BBC NEWS Americas Africa Europe Middle East South Asia Asia Pacific
BBCi NEWS   SPORT   WEATHER   WORLD SERVICE   A-Z INDEX     

BBC News World Edition
 You are in: UK  
News Front Page
Africa
Americas
Asia-Pacific
Europe
Middle East
South Asia
UK
England
N Ireland
Scotland
Wales
Politics
Education
Business
Entertainment
Science/Nature
Technology
Health
-------------
Talking Point
-------------
Country Profiles
In Depth
-------------
Programmes
-------------
BBC Sport
BBC Weather
SERVICES
-------------
EDITIONS
Wednesday, 6 June, 2001, 15:12 GMT 16:12 UK
Archer secretary 'fiddled expenses'
Angela Peppiatt arrives at court
Angela Peppiatt: Entertaining was "part of her job"
The former secretary to Jeffrey Archer has been accused in court of fiddling expenses while she worked for the best-selling author.

Angela Peppiatt, a prosecution witness in the perjury trial of her former boss, was quizzed about numerous receipts for lunches and dinners.

She also told the Old Bailey Lord Archer could be "extremely unpredictable".

Lord Jeffrey Archer
Lord Archer: Accused of perjury
The court heard that Mrs Peppiatt, 56, used to submit expense claims and receipts to Lord Archer's accountants, and then reimburse herself from cheques pre-signed by the novelist.

She agreed that in November 1985, she had submitted a claim for 1,108.51 following the Conservative Party conference in October in Blackpool.

Asked about the claim for this amount, she agreed that this had included receipts for dinners or lunches.

Two had included meals at restaurants near her children's schools - nowhere near Conservative Central Office, the court heard.

Nicholas Purnell QC, defending, suggested they had nothing to do with Lord Archer.

Mrs Peppiatt said she could not remember, but there was nothing to suggest she had not been having a meal with a colleague.

'Unpredictable'

Mrs Peppiatt was asked by Mr Purnell whether she thought Lord Archer was "very mean".

Mrs Peppiatt said: "My opinion changed during the period I worked for him."

Mr Purnell said: "Had he become very mean?"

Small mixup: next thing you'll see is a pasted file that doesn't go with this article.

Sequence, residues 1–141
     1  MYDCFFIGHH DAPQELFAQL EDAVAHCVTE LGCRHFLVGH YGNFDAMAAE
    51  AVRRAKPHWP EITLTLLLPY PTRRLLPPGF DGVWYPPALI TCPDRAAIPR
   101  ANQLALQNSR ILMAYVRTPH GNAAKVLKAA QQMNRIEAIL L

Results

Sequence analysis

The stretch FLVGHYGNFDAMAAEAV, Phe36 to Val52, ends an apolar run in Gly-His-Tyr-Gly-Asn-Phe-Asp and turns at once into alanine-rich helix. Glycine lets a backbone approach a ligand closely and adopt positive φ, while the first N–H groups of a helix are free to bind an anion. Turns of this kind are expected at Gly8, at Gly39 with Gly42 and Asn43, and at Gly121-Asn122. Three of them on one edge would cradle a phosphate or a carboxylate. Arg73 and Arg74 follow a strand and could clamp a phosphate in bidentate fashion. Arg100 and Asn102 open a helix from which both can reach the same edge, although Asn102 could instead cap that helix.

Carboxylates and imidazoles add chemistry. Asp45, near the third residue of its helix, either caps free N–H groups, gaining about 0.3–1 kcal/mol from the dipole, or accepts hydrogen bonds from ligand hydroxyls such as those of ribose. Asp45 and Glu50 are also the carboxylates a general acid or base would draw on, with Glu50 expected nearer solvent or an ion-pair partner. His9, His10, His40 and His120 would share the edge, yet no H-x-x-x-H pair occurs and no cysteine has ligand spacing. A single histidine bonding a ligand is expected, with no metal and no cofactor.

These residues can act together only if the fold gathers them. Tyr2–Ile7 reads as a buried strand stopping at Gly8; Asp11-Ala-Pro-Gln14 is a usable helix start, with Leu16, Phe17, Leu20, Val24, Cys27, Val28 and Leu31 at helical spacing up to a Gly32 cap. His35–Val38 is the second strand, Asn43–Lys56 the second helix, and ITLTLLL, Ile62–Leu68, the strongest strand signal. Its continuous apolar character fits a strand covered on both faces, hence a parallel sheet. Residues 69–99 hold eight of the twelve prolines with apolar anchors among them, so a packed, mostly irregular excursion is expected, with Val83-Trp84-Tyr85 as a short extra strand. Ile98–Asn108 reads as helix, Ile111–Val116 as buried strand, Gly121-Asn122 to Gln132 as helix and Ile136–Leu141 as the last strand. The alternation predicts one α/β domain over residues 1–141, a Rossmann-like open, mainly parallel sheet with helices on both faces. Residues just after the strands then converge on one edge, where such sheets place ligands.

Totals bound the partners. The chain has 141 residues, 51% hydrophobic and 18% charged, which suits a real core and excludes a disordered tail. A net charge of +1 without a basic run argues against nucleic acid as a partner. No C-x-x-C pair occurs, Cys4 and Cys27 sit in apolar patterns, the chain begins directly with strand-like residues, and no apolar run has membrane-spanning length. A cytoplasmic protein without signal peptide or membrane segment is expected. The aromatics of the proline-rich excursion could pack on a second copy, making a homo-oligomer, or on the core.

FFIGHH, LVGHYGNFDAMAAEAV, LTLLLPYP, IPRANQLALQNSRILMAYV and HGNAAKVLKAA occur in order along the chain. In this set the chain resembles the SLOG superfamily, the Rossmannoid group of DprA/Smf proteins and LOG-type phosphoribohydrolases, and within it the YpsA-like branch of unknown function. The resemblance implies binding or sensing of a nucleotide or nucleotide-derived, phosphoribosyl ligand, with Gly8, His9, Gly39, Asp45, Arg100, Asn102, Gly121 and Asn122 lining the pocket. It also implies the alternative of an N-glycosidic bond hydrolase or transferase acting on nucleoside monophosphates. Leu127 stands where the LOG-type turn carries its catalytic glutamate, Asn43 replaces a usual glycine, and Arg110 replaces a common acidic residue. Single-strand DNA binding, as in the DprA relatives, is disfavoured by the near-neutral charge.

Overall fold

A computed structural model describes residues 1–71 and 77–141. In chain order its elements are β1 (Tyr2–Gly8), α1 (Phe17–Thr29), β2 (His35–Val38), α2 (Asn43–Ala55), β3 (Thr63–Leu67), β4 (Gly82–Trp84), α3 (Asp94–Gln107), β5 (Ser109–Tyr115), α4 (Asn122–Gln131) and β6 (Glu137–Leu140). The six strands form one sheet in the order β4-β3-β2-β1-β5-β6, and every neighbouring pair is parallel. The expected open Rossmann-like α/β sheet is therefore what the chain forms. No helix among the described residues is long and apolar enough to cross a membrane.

You discovered that you could, undetected, put through expenses without being questioned and you escalated the amounts that you put through

Nicholas Purnell QC, defending, to Angela Peppiatt
Mrs Peppiatt replied: "I would not use the word mean. Jeffrey was extremely unpredictable, that's all I can say."

She added: "Jeffrey could on some occasions say one thing and do completely another."

Mr Purnell then suggested that because of Mrs Peppiatt's authority, her expense claims were never questioned.

He said: "I'm suggesting you had no authority to entertain at Lord Archer's expense ... You discovered that you could, undetected, put through expenses without being questioned and you escalated the amounts that you put through."

Mrs Peppiatt denied this, saying Lord Archer had "actively encouraged" her to entertain.

"It was well-known that entertaining was a part of my job," she added.

'Claimed twice'

Mr Purnell also said that on one occasion a lunch had been claimed for twice. Mrs Peppiatt admitted this had happened but said she did not know how.

She said that Lord Archer's accountants would have alerted her if there had been any irregularities.

However, Mr Purnell suggested she knew the accountants were not doing their job very well, so she began to claim expenses twice.

BBC correspondent Ben McCarthy, at the Old Bailey, said exchanges between Mr Purnell and Mrs Peppiatt had been getting "quite heated".

The hearing was adjourned until Thursday.

Lord Archer, 61, resigned from his unpaid post as deputy chairman of the Conservative Party in October 1986 after press reports that he had associated with a prostitute.

The following year he was awarded 500,000 damages in the High Court after suing the Daily Star for libel when it alleged he had slept with the woman.

Lord Archer denies seven charges alleging dishonesty in relation to that action - four counts of perverting justice, two of perjury and one of using a diary as a false instrument.

His former friend, television producer Ted Francis, 67, from Surrey, denies one charge of perverting justice.

 WATCH/LISTEN
 ON THIS STORY
The BBC's Duncan Kennedy
reports on the trial
See also:

Links to more UK stories are at the foot of the page.


E-mail this story to a friend

Links to more UK stories

© BBC ^^ Back to top

News Front Page | Africa | Americas | Asia-Pacific | Europe | Middle East |
South Asia | UK | Business | Entertainment | Science/Nature |
Technology | Health | Talking Point | Country Profiles | In Depth |
Programmes